Bowling Alone: America’s Declining Social Capital

Author

Putnam, Robert

Genre

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Overview

This controversial and influential article by Harvard sociologist Robert Putnam makes the claim that "the vibrancy of American civil society has notably declined over the past several decades." His data show that fewer and fewer of us participate in everything from the PTA and the Jaycees to bowling leagues. Why does this matter? Putnam reminds us that Tocqueville, a keen observer of the American scene, and others have viewed direct civic participation as the key to America's "ability to make democracy work." The article also raises the question of what might account for this supposed decline in civic engagement--and what might be done to reverse it. Putnam followed this widely-read article with a fuller treatment of the same themes in Bowling Alone: The Collapse and Revival of American Community (Simon & Schuster, 2001).

Full Text*

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Source

"Bowling Alone: America's Declining Social Capital," Robert D. Putnam, in Journal of Democracy, vol. 6, no. 1, p. 65-78, 1995

Type

Reading - Short Enough to Read Aloud.

Themes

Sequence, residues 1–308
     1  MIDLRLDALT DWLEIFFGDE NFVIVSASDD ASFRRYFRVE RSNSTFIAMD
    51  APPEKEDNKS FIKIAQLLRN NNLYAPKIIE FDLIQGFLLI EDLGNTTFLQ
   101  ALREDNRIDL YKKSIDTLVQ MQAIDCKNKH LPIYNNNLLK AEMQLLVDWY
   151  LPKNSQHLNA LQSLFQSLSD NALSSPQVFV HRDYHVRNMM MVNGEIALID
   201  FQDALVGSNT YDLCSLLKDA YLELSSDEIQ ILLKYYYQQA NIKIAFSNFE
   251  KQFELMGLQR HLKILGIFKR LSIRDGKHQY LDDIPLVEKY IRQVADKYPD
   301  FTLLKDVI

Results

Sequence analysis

Connection and RelationshipIdentity and CommunityOrganizing and ActivismServing and VolunteeringSocial and Political Change

Big Questions

Sample Discussion Questions

  1. What does Putnam mean by the term 'social capital'?
  2. What general trends does Putnam identify in this article? What are the significance of these trends for the author?
  3. What is the significance of bowling leagues for Putnam? Do you agree with him?
  4. What do you make of Putnam's analysis of support groups?
  5. What reasons does Putnam give for the decline in American civic associations over the last generation?
  6. How would you answer the question: "Is technology driving a wedge between our individual interests and our collective interests?"
  7. What do you find makes it easier for you to connect with others? What gets in the way?
  8. Is it important to be members of small groups or associations? Why, or why not?
  9. Do you agree with the conclusion that "High on America's agenda should be the question of how to reverse these adverse trends in social connectedness, thus restoring civic engagement and civic trust"? Why?
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